Let restaurants 'opt out' of handwashing after toilet to reduce regulatory burden

Rusha

LIFETIME MEMBER
LIFETIME MEMBER
Hall of Fame
Apparently he has never known anyone with or had to deal with food-borne Hepatitis A ... or perhaps he does and just doesn't care.

My father caught it several years prior to his death. Because he already suffered from CLD, it almost killed him.

He was so thankful to the idiot at Wendy's who couldn't be bothered to wash his/her hands after using the restroom.
 

zoo22

Well-known member
One of the many ridiculous things about it is that he's saying a restaurant should be able to opt out of required hand washing, you know to cut down on unnecessary regulations, but at the same time, he's saying the restaurant that opts out and doesn't require hand washing would be required to inform their customers. It's insane. He's proposing replacing one reasonable regulation with a different, completely ridiculous regulation, and he's framing it as if it would decrease regulation. It's total nonsense. People are becoming so consumed by this fantasy idea of no rules "freedom" that they're going completely insane.
 

Town Heretic

Out of Order
Hall of Fame
Well, you kind of missed the point where he says that if they did that, they would go out of business.
I missed the part where he illustrated the benefit, beyond a purely ideological satisfaction in taking a useful regulation off the books because the books themselves offend him to some degree. :idunno:

What burden is there in the illustration?

He wants the company that puts up a sign about compliance to put up a sign that they don't require the thing no longer mandated. A sign no one in their right mind would put up absent a mandate to (regulation).

Why is the shift from attempting to promote health to attempting to promote a principle that may undermine it better if the end result is two different signs, two different regulations and a guy who may or may not comply between shifts? Who benefits?

Who benefits? The corporation. Why? Because in the absence of the requirement there's no corporate liability and that goes to recovery of damages in a civil suit. So what seems underthought and goofy maybe isn't so much either.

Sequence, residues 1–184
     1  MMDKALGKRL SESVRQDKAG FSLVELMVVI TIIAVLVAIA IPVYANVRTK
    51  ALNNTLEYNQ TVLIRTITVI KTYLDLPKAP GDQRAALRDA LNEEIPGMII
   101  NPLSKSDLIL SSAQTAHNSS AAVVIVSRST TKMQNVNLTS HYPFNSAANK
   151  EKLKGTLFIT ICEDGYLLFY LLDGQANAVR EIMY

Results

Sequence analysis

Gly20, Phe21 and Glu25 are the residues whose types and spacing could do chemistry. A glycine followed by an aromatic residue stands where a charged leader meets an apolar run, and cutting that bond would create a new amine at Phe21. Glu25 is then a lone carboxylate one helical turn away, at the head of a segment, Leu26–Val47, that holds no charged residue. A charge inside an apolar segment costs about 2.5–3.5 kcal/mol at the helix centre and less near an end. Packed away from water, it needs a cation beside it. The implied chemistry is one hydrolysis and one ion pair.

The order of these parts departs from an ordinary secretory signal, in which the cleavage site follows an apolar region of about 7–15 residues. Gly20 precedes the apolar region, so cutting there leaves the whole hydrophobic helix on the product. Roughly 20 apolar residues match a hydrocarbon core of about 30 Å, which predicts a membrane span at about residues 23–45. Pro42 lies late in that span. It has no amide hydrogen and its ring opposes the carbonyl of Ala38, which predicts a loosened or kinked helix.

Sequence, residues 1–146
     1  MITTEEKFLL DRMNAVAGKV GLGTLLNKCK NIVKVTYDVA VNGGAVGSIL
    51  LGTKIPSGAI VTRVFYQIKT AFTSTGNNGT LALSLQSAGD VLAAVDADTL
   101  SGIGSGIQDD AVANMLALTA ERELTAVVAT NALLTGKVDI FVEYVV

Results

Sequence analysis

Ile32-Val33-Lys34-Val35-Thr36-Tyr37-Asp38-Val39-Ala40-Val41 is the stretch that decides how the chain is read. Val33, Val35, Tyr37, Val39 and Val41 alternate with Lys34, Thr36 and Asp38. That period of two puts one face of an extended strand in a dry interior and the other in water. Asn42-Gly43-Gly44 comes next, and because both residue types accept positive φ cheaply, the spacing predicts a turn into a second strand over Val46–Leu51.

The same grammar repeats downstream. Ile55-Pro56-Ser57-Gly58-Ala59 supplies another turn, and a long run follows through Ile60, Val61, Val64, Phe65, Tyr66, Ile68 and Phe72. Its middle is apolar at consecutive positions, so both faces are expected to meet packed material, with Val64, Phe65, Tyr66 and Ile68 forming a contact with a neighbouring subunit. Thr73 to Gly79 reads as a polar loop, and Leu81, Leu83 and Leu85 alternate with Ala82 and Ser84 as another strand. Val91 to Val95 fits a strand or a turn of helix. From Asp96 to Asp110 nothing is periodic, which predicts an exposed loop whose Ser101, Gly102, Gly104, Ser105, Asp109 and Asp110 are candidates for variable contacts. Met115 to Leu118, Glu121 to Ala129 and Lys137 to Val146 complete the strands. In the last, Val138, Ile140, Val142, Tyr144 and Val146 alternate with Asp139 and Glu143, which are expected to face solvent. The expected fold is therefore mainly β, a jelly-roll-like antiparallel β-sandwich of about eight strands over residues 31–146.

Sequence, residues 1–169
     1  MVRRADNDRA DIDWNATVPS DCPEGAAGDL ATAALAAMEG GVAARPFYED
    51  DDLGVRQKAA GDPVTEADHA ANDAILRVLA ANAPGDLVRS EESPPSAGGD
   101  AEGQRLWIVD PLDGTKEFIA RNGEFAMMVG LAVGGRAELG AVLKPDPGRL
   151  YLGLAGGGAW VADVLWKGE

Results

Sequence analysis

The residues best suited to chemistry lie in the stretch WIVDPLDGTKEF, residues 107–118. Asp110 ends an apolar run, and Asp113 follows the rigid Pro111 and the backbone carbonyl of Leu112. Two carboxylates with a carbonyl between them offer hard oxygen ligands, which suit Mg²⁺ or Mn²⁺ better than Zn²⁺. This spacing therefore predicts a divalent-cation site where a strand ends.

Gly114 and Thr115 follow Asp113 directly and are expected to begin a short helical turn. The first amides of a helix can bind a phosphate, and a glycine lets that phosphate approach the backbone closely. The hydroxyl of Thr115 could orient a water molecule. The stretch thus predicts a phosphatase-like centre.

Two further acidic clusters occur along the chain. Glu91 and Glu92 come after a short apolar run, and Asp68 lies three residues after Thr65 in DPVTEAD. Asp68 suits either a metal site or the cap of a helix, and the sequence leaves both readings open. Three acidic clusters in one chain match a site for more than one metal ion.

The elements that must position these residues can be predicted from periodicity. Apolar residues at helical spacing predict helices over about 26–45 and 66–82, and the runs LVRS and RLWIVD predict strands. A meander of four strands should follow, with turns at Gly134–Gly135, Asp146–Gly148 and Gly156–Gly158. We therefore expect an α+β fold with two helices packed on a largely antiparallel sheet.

Else, it's a very, very poor illustration of principle.
 

chrysostom

Well-known member
Hall of Fame
I often wonder
about regulations
that can't be enforced
or
just are not enforced
then
I see signs
consumption of alcoholic beverages forbidden
I ignore them
but
I understand why they are necessary
consuming alcoholic beverages is not a problem
if
you are not a problem
but
now they have a reason to get rid of you
if
you are a problem
and
you just happen to be consuming alcoholic beverages
 

elohiym

New member
He's proposing replacing one reasonable regulation with a different, completely ridiculous regulation, and he's framing it as if it would decrease regulation.

That's not an accurate interpretation of the story.

Read it again.
 

zoo22

Well-known member
That's not an accurate interpretation of the story.

Read it again.

"I don’t have any problem with Starbucks if they choose to opt out of this policy as long as they post a sign that says 'We don’t require our employees to wash their hands after leaving the restrooms.' The market will take care of that."

You're expecting that the companies will put those signs up themselves? Sure. Companies have such a solid history of doing what's right for people.

Why do you think the regulation requiring that restaurant employees wash their hands after using the toilet came about? Anyone want to take a wild guess that it had something to to do with restaurants not requiring their employees to wash their hands after using the toilet?

I believe that the "no worries, the market will take care of that... we don't need no stinking' rules!" people are bananas.
 

Rusha

LIFETIME MEMBER
LIFETIME MEMBER
Hall of Fame
Well, you kind of missed the point where he says that if they did that, they would go out of business.